Many vaccines that were previously recommended will now be required for children heading to school.
Sunny Hall, owner of Cutie Tooties, does not plan on vaccinating her triplets.
For the first time in more than a decade, the state is changing what vaccines are required for children before they can head to school.
Most of the changes take effect in July, but not everyone plans to rush to their doctor's office.
With a business devoted to providing for children and triplets of her own at home, Sunny Hall has experience with kids. She also has experience with vaccines.
"I never questioned it," she said.
After the birth of her children, Hall followed the advice of experts.
"We were all fine until six months. We went in and got their shots and when we got home my son just wasn't right," she said.
As a result, Hall has no plans of following the state's new requirements.
"From what all I've read, and my personal experience, my kids are not going to get any vaccines any time soon," she said.
"The recommendations are aimed at preschool children, kindergarten children, and 7th graders," said Mary Ann Harrison, a registered nurse at the Knox County Health Department.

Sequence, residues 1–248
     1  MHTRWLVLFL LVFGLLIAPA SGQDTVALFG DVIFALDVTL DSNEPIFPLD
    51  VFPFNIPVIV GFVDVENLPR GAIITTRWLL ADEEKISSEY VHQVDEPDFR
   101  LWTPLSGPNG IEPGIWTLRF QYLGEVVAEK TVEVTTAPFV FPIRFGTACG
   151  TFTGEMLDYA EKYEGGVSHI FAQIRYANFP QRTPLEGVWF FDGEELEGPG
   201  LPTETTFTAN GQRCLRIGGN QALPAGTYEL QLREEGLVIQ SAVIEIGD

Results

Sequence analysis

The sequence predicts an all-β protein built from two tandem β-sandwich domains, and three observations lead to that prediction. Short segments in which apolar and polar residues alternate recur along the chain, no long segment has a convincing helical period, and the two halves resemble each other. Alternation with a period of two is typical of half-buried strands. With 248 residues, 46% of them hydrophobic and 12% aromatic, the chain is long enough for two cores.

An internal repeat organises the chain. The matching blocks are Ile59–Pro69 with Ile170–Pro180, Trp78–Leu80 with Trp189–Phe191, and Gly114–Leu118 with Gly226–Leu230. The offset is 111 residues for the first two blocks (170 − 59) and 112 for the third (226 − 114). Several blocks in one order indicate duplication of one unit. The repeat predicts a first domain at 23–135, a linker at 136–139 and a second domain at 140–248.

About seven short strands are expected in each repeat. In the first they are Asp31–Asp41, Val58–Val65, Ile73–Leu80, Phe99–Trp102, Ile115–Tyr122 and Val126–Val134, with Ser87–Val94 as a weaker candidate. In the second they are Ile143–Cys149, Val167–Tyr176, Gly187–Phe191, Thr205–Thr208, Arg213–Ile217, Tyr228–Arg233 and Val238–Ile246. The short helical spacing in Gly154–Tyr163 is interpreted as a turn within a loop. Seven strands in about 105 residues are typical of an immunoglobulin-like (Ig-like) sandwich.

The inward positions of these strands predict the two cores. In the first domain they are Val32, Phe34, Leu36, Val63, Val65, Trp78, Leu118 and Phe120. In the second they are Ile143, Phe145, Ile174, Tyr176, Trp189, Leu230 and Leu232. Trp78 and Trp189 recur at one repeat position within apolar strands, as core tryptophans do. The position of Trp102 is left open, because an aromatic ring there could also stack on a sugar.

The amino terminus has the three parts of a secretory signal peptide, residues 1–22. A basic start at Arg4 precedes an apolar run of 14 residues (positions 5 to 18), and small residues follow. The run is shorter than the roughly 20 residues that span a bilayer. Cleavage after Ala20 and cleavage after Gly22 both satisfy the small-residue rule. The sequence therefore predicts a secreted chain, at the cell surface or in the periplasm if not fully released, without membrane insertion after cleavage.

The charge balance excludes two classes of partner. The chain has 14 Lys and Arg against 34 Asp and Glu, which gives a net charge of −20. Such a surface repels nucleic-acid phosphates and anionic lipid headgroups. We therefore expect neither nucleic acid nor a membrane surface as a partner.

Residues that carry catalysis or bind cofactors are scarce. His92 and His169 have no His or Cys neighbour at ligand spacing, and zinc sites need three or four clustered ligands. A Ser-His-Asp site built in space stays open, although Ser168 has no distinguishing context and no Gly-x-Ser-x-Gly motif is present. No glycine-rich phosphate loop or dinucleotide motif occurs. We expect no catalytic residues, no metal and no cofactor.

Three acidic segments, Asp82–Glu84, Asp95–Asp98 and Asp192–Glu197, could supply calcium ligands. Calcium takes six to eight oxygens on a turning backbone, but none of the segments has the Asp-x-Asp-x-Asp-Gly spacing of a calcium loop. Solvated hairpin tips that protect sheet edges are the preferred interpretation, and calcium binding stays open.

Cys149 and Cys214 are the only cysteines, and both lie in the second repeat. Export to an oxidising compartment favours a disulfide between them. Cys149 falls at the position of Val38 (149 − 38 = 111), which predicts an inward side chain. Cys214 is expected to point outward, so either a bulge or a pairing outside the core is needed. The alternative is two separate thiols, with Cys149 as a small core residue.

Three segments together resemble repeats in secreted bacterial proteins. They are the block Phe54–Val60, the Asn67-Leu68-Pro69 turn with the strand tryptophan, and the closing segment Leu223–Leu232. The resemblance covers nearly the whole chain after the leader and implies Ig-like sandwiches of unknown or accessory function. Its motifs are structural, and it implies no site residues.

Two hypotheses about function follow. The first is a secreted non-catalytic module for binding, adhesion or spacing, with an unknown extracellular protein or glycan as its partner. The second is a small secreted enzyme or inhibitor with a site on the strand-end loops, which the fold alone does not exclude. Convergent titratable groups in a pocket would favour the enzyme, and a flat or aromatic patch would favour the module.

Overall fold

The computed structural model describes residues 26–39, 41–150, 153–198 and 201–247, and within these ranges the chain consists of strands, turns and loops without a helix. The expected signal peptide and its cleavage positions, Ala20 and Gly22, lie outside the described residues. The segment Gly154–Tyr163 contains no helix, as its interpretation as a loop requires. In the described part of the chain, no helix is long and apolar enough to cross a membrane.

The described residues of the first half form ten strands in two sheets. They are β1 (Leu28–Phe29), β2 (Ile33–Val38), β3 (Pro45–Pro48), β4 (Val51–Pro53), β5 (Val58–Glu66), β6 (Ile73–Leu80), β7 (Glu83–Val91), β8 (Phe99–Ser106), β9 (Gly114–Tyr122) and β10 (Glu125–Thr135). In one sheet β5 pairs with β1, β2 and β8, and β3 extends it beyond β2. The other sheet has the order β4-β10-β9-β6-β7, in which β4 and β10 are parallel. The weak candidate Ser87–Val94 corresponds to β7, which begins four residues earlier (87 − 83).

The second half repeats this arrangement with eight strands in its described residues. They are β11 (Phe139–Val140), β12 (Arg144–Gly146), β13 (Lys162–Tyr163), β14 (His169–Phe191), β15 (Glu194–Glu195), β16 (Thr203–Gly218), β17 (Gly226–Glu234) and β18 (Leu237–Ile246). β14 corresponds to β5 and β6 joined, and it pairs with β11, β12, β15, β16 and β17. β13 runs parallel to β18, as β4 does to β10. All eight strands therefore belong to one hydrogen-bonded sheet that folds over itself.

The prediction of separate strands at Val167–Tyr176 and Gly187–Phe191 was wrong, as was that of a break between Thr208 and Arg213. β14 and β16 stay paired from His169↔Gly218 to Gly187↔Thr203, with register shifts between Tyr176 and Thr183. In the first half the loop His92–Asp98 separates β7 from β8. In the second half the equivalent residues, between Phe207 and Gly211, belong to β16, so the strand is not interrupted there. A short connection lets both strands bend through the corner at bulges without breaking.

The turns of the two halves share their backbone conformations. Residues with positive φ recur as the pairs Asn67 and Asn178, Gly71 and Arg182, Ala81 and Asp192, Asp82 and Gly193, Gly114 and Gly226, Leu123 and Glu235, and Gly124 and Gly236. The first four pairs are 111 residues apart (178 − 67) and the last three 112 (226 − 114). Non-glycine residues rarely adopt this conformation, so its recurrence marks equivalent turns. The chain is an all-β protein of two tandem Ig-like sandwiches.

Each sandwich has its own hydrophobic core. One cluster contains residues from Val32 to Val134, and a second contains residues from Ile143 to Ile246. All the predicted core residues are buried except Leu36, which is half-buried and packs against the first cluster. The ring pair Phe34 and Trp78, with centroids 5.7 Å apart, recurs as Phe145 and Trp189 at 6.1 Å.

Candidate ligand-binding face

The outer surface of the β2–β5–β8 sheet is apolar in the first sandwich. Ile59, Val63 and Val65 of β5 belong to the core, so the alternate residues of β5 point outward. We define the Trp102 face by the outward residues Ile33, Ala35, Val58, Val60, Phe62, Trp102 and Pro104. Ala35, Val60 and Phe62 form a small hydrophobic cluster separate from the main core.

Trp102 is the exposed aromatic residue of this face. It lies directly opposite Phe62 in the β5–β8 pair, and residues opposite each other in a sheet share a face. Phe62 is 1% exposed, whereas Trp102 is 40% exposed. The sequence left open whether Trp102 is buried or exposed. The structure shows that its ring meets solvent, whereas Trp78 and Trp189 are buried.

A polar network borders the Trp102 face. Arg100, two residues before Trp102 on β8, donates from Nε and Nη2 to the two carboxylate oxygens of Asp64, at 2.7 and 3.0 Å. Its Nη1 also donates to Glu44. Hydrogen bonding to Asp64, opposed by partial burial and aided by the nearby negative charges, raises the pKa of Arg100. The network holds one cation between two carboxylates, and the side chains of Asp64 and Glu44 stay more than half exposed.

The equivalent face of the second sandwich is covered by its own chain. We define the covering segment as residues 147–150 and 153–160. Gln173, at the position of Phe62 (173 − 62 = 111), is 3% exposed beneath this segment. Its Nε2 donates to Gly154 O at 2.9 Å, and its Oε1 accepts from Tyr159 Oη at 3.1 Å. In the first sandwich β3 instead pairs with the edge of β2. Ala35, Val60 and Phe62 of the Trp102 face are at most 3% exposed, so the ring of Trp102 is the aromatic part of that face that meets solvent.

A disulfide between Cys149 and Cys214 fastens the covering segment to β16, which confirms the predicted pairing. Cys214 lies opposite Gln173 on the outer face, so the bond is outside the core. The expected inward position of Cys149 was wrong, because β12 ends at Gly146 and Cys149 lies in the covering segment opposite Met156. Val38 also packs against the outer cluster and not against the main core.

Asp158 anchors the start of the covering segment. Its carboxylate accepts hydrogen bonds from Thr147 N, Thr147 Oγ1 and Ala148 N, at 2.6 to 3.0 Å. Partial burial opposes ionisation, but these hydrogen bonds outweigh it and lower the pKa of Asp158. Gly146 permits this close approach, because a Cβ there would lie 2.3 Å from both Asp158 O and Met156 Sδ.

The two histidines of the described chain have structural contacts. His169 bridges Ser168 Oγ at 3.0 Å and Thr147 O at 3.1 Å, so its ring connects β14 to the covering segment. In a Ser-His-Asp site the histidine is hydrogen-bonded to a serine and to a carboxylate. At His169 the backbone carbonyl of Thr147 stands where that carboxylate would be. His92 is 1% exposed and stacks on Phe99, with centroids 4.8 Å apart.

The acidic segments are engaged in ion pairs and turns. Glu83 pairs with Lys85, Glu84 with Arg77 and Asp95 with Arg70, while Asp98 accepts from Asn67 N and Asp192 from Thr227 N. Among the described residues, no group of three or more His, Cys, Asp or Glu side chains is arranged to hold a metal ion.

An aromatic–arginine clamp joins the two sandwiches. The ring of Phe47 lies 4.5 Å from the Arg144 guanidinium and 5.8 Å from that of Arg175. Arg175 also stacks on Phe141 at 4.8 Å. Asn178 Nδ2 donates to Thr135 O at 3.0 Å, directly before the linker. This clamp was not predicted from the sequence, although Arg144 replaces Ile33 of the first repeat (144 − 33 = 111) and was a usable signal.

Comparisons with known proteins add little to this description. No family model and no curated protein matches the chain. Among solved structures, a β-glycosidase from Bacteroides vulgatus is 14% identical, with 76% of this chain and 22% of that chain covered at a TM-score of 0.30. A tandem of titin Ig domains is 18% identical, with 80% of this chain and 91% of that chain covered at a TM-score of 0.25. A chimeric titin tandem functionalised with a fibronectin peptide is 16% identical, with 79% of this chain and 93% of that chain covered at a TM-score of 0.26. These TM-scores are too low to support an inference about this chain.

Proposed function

Under the new plan, children will be required to get Hepatitis B (HBV), Haemophilus influenzae type B (Hib), Pneumococcal conjugate vaccine (PCV), and Hepatitus A vaccines. They will need their final dose of Poliomyelitis (IPV or OPV) on or after their 4th birthday, two doses of Varicella or history of the disease, and two doses of Hepatitis A vaccines before kindergarten. A Tetanus-diptheria-pertussis booster (Tdap) and verification of immunity to Varicella (two doses or history of the disease) will be required before entering 7th grade.
Previously the vaccines were only recommended, not required. They are available to children at no cost at the Knox County Health Department.
"When children are together, there's lots of things being shared and lots of germs being shared. They're not just protecting those in the school, they're protecting the little ones at home, they're protecting the older ones at home," Harrison said.
Still, Hall believes getting vaccinations should be a parent's choice.
"It is a personal decision, and no one in a white coat is going to force me to inject my child with something that I know is harmful to them," she said.
One thing that will not change is a parent's ability to decline vaccines based on health concerns or religious beliefs. In those cases parents can submit written explanations to the schools.